Behind the eco labels: Marine Stewardship Council

| 1st April 2007
The Marine Stewardship Council (MSC) began in 1997 as a joint initiative between the World Wildlife Fund (WWF) and Unilever, a multinational company and one of the world’s largest buyers of fish. Its aim was to help preserve our dwindling fish stocks by certifying well-managed and sustainable fisheries.

Unilever and WWF are no longer on the MSC management board. MSC is officially an independently run non-profit organisation, with the bulk of its funding coming from charitable trusts and foundations and government agencies, though Unilever continues to provide funds as well.

The MSC has been criticised for not applying its standards evenly. It has also come under fire for its inability to certify fisheries in developing countries to the MSC standards and its lack of attention to labour problems in the fishing industry. To remedy the first concern, the WWF is now working with the MSC in communitybased certification for developing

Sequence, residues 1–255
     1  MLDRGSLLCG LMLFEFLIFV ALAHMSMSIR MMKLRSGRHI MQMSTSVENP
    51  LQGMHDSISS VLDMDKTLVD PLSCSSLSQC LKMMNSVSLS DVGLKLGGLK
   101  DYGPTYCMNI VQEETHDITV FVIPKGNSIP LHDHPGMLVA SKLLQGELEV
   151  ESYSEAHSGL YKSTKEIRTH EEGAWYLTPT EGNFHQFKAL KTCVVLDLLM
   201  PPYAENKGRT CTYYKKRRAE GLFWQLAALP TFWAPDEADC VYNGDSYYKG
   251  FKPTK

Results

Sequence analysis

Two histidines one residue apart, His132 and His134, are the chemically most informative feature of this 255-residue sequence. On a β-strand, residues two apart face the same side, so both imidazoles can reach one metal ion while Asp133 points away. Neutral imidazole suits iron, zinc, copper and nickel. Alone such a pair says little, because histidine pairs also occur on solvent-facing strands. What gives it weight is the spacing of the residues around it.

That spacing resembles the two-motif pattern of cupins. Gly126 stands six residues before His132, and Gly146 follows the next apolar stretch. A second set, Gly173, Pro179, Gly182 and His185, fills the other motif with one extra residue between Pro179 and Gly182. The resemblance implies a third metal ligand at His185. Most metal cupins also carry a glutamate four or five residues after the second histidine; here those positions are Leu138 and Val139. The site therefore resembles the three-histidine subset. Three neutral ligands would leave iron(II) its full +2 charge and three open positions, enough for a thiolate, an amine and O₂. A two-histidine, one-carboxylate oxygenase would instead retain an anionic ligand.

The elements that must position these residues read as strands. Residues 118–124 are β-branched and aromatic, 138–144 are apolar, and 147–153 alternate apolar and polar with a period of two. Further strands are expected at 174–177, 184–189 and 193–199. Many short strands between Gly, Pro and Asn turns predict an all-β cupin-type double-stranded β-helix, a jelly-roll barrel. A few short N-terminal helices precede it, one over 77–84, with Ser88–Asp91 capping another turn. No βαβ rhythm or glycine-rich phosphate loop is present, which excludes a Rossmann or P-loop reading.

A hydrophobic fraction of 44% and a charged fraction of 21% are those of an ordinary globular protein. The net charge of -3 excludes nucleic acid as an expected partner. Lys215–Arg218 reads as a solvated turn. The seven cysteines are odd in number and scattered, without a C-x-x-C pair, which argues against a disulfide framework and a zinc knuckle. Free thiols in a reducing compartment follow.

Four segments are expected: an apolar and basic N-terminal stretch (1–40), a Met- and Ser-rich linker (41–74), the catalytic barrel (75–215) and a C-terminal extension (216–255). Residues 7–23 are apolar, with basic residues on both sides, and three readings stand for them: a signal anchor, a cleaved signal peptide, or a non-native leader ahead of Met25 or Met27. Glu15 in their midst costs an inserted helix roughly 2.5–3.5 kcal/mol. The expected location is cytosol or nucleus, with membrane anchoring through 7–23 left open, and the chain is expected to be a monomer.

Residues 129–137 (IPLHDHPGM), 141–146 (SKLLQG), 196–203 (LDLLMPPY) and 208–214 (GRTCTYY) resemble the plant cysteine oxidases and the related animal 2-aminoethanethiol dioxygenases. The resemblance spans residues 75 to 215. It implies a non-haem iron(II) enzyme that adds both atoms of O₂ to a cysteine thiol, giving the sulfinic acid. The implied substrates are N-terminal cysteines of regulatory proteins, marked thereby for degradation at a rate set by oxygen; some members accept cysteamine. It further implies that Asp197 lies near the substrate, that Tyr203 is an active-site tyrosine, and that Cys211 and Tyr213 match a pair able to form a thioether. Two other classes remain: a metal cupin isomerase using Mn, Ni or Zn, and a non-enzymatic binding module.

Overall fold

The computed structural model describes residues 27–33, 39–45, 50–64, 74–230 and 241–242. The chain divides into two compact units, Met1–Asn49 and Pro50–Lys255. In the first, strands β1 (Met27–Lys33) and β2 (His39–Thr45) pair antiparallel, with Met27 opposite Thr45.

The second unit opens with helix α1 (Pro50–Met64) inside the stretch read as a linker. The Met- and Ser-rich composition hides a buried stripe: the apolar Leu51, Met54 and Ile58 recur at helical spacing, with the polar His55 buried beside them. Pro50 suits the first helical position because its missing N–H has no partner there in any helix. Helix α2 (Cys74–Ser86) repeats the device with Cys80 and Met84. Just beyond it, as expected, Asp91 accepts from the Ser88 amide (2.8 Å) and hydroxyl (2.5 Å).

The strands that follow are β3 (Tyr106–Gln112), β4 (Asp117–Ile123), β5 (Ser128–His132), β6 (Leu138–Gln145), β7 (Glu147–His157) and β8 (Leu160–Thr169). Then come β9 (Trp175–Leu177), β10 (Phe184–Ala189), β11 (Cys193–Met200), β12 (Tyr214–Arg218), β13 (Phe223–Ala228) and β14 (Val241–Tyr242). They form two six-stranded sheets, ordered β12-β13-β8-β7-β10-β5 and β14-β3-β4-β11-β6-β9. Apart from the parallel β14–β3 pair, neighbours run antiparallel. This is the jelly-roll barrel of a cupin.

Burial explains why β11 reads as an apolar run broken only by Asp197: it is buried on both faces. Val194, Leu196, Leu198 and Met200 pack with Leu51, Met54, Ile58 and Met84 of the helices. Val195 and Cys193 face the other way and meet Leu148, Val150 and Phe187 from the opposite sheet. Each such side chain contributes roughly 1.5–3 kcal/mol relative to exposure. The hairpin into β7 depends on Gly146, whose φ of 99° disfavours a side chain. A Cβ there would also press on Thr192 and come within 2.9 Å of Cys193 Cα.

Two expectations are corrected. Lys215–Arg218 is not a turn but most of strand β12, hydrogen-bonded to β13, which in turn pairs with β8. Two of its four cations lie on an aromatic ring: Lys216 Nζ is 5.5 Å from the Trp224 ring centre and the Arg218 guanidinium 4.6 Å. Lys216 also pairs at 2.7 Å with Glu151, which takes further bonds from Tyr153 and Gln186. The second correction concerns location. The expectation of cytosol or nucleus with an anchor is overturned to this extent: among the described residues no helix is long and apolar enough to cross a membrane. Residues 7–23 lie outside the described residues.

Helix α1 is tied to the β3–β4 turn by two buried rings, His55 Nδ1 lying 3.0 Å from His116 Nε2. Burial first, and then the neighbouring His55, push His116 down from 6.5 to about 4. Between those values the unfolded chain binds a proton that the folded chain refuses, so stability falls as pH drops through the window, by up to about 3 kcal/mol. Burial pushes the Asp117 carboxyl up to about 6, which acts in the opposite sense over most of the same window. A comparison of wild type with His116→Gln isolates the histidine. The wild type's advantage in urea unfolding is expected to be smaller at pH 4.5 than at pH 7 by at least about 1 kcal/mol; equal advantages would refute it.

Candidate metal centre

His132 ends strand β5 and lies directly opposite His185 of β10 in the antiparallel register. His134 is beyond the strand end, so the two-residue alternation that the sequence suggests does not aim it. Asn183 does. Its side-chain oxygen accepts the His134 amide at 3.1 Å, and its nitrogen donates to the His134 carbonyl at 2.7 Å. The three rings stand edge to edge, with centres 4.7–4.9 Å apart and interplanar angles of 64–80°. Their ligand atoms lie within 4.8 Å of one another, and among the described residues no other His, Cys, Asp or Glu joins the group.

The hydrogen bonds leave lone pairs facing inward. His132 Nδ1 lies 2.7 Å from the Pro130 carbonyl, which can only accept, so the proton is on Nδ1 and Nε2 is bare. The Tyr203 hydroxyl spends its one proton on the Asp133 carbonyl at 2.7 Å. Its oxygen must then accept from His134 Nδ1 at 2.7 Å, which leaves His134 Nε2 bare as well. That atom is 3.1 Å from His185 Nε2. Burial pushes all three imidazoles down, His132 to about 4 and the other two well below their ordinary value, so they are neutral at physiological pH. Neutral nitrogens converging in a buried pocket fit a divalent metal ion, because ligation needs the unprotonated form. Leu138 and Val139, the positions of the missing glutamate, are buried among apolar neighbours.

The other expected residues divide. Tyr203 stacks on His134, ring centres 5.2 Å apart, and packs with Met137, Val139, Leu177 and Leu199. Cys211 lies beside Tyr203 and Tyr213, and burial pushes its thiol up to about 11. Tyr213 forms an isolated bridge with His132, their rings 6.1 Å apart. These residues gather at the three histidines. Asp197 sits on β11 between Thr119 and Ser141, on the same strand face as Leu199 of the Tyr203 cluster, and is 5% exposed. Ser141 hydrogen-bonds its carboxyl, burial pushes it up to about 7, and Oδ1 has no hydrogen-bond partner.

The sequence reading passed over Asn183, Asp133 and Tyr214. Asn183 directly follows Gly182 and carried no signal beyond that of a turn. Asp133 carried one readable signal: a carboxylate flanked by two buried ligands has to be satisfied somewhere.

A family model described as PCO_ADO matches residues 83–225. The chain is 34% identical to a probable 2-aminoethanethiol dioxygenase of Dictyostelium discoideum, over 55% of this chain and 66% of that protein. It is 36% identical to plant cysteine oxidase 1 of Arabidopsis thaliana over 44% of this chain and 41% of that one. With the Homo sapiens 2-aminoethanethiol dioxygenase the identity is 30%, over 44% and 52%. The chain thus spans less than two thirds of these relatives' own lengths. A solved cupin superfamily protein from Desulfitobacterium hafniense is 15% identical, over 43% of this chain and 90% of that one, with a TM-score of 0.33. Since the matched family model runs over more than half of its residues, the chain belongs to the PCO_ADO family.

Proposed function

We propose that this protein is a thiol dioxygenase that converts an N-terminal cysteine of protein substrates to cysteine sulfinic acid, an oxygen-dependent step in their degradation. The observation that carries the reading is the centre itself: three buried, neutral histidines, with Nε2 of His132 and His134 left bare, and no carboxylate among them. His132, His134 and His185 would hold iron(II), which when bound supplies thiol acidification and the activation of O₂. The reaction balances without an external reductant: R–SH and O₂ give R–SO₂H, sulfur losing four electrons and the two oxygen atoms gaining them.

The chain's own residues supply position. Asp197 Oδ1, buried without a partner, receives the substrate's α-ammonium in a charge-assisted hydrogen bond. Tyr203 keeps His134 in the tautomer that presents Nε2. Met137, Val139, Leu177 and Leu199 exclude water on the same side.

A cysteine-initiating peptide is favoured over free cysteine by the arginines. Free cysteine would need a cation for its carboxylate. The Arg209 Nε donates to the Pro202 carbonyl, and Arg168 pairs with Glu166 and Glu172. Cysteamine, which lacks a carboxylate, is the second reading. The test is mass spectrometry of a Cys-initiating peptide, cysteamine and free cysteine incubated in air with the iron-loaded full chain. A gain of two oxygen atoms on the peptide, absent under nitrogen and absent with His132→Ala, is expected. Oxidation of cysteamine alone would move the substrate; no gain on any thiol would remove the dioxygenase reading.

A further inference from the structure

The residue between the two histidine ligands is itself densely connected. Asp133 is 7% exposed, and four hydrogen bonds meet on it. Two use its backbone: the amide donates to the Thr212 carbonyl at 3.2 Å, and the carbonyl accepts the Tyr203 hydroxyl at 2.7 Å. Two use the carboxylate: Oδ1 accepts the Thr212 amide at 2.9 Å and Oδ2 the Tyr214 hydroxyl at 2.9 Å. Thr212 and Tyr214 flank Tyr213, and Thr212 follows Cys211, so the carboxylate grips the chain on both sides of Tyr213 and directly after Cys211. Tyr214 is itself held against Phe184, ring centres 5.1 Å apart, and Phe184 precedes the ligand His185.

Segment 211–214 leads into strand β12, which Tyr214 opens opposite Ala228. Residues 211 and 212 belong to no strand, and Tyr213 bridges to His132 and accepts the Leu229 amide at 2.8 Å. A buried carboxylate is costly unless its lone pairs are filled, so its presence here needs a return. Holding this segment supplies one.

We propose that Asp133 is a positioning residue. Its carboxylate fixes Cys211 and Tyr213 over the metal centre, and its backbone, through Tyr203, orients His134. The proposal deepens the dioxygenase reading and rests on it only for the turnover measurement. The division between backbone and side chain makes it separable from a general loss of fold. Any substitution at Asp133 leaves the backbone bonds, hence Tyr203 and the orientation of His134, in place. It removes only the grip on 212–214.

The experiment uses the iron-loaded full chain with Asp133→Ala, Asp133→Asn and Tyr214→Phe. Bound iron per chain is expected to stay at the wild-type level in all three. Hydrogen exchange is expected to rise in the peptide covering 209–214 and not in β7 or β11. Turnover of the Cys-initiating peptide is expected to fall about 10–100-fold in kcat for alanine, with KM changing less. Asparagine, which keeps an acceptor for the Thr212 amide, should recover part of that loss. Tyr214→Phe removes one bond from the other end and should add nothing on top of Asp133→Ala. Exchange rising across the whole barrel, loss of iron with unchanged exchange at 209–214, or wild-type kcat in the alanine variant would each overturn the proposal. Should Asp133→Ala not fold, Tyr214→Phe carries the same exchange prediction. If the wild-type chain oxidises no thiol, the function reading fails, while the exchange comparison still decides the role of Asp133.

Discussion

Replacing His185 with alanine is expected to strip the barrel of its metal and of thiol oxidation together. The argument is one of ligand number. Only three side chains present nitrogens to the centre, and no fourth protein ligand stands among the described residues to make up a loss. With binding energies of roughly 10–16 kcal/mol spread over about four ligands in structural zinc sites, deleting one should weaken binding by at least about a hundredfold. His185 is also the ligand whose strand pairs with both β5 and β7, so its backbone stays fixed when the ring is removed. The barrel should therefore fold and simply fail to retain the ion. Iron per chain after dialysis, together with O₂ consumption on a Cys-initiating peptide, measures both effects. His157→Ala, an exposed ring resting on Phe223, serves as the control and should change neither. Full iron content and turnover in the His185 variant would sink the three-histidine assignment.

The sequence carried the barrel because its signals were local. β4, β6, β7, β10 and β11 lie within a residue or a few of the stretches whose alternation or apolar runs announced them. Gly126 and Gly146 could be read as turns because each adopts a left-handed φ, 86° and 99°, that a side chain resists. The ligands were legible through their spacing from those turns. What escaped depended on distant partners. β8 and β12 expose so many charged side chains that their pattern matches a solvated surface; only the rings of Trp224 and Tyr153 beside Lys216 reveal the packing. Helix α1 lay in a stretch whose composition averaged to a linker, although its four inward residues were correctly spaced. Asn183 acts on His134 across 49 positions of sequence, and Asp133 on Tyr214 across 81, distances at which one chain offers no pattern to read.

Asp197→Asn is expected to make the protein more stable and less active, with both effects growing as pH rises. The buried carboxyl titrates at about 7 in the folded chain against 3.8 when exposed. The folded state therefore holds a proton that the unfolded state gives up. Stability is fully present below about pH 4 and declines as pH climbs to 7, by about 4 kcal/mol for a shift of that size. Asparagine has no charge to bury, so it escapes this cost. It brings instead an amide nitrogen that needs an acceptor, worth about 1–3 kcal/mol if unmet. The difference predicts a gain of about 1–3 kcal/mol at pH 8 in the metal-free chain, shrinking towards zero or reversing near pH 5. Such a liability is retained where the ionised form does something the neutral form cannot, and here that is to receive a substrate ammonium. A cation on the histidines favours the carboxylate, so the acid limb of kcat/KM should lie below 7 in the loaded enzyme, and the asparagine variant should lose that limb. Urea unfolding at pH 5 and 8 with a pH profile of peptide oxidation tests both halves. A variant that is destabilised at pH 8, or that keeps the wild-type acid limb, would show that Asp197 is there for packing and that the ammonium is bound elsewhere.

countries, but the issue of fair labour practices remains unresolved.

The Ecologist says

The MSC label is of limited use to most consumers, especially if standards are not applied evenly. Where possible, avoid prepackaged, supermarket fish; go to a local fishmonger and learn to ask questions about where the fish came from and how it was caught – and refuse to buy until you get answers you desire. You can also easily learn which varieties of fish are sustainable and which are not. The Marine Conservation Society produces a Good Fish Guide (see

This article first appeared in the Ecologist May 2007

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